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November 24    Scripture

Sites - Jerusalem: Western Wall
Excavations at the Western Wall Plaza - Jerusalem

The Western Wall and the Western Wall Tunnel If you would like to visit some of the places Jesus did when he was alive during your tour to the Holy Land, go to the Western Wall and the Western Wall Tunnel. The last remaining part of the Temple in Jerusalem that Jesus would have known, it was destroyed by the Romans about 2,000 years ago. Many visitors come here to pray following the example of King Solomon who asked God to hear everyone in this sacred place (1 Kings 8:41-43). The Western Wall Tunnel is the location of the rest of the 1,455 ft portion of the wall. There is a model there that shows the Passover pilgrimage that would have been taken by Jesus as a child (Luke 2:46). You can also the site where a beggar was healed by Peter (Acts 3:7) and where Jesus openly confronted money-changers and merchants (John 2:3-6 and Matt. 21:12-13)—stories to keep in mind on your Israel tour. The tunnels of the Western Wall were created using side-by-side arches to support staircases that lead from the city to the Temple Mount.Tyropaean valley once ran along the western side of the Temple Mount, however, visitors on tours in Israel will notice it has been filled with the refuse from all of the demolition and rebuilding. This valley used to separate the Herodian quarter from the Temple and the arches were built to form a bridge between these two sites. Amazingly enough, these arches and pathways still support the modern streets and go right below the Muslim Quarter. One your pilgrimage to Israel, if you stop at the Western Wall Tunnel, you can see the pavement built by Herod Agrippa (Acts 12:21), the Holies of Holies and the foundation of the Praetorium (Matt. 27:27). (America Israel Travel)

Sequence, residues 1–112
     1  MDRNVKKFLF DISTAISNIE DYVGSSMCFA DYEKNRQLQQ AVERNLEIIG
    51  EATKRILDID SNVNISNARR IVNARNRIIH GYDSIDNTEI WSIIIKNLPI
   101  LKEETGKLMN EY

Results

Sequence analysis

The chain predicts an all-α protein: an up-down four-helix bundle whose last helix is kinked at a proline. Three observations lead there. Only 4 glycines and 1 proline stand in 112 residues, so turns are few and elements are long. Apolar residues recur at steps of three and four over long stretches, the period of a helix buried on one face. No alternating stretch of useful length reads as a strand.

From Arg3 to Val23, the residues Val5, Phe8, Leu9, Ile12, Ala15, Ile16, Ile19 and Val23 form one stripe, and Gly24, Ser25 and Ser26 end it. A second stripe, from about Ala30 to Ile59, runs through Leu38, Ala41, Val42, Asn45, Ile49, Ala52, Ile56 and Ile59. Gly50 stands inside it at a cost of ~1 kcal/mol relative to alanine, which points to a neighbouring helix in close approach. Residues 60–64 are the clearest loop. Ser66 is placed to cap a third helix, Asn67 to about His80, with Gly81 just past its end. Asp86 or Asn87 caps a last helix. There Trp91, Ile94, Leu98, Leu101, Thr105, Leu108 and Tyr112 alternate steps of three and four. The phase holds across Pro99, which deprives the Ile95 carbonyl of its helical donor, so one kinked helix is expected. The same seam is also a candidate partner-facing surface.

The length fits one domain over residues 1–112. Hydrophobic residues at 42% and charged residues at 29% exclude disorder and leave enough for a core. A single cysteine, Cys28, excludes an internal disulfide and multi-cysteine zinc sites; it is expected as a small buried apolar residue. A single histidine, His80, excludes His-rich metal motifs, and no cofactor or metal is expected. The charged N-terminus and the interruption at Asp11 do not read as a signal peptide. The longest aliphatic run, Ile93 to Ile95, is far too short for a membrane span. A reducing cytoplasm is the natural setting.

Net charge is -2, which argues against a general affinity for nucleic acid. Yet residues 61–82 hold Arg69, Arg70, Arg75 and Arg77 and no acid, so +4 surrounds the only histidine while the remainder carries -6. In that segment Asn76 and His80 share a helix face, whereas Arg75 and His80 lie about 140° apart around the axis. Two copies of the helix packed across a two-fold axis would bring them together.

http://www.bible-history.com/subcat.php?id=49